Due to a recent Federal Court decision, employers and employees will need to be careful about breaching implied terms of mutual trust and confidence.
Broadly, this occurs when the “employer or employee acts without reasonable and proper cause for their conduct, and the conduct is likely to destroy or seriously damage the relationship of confidence and trust between the employer and the employee”.
Historically, Australian courts have found it difficult to imply a term of mutual trust and confidence into the employment relationship. That position seems to be changing pursuant to the decision of Commonwealth Bank of Australia v Barker  FCAFC 83, which was handed down by the Full Court of the Federal Court on 6 August 2013.
Briefly, the respondent to the appeal was employed by CBA as executive manager of Adelaide Corporate Banking, Institutional and Business Services, South Australia. In 2004, the respondent signed a new employment contract, which included terms relating to the termination of employment and redundancy. CBA also had redundancy and redeployment policies. However, these policies expressly stated that they did not form part of the employment contract.
Alleged breach of contract
On 2 March 2009, the respondent attended a group meeting and was given a letter stating that his position was being made redundant effective from close of business that day, and that it was CBA’s preference to redeploy him to a suitable position within CBA. He was made redundant on 9 April 2009.
As a result, the respondent brought proceedings against CBA alleging breach of contract by CBA for their failure to adhere to the redundancy and redeployment policies. Alternatively, the respondent claimed that CBA had breached the implied term of mutual trust and confidence by not adhering to its policies.
It was held by the court at first instance that by failing to attempt to redeploy the respondent, CBA had seriously breached the redundancy policy and therefore the implied term of mutual trust and confidence.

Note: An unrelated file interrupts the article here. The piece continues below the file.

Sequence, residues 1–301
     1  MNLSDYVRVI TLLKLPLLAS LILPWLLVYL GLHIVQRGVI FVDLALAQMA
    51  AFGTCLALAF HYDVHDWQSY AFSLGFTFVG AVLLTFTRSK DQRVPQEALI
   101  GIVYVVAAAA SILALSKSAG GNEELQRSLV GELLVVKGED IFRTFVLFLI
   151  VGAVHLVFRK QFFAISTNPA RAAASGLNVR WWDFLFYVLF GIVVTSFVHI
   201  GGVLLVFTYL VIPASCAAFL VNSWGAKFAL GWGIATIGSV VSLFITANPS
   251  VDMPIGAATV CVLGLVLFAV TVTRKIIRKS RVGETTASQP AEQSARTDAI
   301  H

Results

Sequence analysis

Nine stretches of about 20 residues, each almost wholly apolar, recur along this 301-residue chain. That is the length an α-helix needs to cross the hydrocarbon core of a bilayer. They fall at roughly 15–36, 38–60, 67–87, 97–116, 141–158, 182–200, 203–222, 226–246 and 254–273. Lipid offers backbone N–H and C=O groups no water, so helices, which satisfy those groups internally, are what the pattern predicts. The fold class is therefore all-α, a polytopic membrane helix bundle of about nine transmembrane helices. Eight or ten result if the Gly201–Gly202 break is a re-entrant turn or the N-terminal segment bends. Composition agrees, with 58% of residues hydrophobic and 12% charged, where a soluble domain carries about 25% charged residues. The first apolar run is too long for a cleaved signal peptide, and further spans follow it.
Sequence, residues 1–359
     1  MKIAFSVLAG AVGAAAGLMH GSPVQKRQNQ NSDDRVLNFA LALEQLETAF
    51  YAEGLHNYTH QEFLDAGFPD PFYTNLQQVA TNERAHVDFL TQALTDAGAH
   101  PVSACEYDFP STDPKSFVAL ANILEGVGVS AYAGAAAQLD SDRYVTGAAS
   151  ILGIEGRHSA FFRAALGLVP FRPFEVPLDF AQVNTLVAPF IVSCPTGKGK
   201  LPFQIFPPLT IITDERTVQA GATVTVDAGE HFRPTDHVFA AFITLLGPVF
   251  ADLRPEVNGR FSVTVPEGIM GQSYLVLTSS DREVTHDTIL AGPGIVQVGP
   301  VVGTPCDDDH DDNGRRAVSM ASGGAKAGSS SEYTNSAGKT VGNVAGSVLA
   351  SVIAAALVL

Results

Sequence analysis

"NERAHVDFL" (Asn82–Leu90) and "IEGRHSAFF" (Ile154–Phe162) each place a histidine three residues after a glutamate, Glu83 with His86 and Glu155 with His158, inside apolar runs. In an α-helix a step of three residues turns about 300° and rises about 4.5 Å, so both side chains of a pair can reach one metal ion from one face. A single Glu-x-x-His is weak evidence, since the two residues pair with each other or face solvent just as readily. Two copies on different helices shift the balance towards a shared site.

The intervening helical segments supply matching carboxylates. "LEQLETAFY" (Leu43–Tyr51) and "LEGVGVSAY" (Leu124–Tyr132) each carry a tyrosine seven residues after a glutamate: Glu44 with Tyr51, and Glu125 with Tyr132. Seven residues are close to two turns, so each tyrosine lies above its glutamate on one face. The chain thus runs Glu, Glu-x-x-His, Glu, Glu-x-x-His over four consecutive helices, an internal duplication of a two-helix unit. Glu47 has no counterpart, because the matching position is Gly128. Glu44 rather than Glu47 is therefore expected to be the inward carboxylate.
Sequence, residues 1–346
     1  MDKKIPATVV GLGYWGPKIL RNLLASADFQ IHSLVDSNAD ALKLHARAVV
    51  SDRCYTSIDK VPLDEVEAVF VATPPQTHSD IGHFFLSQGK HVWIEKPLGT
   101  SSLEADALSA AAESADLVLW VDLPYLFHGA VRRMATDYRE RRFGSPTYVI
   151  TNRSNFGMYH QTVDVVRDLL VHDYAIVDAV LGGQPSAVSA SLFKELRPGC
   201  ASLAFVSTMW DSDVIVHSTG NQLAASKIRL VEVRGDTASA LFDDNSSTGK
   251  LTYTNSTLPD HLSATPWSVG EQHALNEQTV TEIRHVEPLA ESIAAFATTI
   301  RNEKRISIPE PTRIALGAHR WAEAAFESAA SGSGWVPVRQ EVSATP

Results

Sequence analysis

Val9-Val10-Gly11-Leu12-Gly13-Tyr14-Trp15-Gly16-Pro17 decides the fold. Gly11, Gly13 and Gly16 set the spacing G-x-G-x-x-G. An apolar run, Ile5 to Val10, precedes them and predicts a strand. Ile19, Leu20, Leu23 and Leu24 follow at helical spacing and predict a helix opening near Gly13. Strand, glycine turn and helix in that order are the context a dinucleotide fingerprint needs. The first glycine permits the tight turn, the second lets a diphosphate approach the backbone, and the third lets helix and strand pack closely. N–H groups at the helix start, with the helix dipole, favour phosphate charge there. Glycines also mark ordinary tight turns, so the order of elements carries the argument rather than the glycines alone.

The court considered that the respondent had suffered loss and damage to the sum of $317,500 due to CBA’s failure to redeploy him and made an order in the respondent’s favour to that effect.
As expected, CBA appealed. Contrary to the decision at first instance, the majority found that a serious breach of the bank’s redeployment policy did not amount to a breach of the implied term. Instead, they held that CBA was obliged to take positive steps to consult with the respondent and inform him of suitable employment options.
Accordingly, the court found that CBA’s “actions on and from 2 March to 26 March 2009 were sufficient to amount to a breach of the bank’s duty not to engage in conduct likely to destroy or seriously damage the relationship of confidence that existed between the bank and Mr Barker.” This conduct was held to be sufficient to constitute the breach of the implied term.
Further, given the respondent’s length of service and the size of CBA and vast number of positions available, the court held that an implied obligation of co-operation also existed, which was breached by CBA. The majority also confirmed the primary judge’s approach where it was accepted that a breach of the implied duty gives rise to a claim for damages.
There was one dissenting judgment in this case where His Honour Christopher Jessup stated that he did not consider there was a contractual right to imply the term of mutual trust and confidence in these circumstances. Further, in this judge’s view, the failure by CBA to follow the redeployment process did not lead to any contractual consequences for the parties.
Due to these decisions, it is likely that the duty of mutual trust and confidence will now be implied into the employment relationship by the courts.
Implications to consider
- Failing to follow a workplace policy, and treating it as a guideline only, is a risk.
- Employers should apply company policies fairly and consistently.
- Employees who hold key positions, particularly where confidential and commercially valuable information is entrusted to them, may well be expected to maintain higher standards.
- Acts or omissions leading to a loss of confidence and trust in the employee holding a particular position may permit termination of employment.
Editor’s note: The controversy over whether an Australian employer owes an implied duty of mutual trust and confidence to an employee was finally settled when the case was appealed to the High Court of Australia. There it was unanimously found that such a term was not part of the common law of Australia.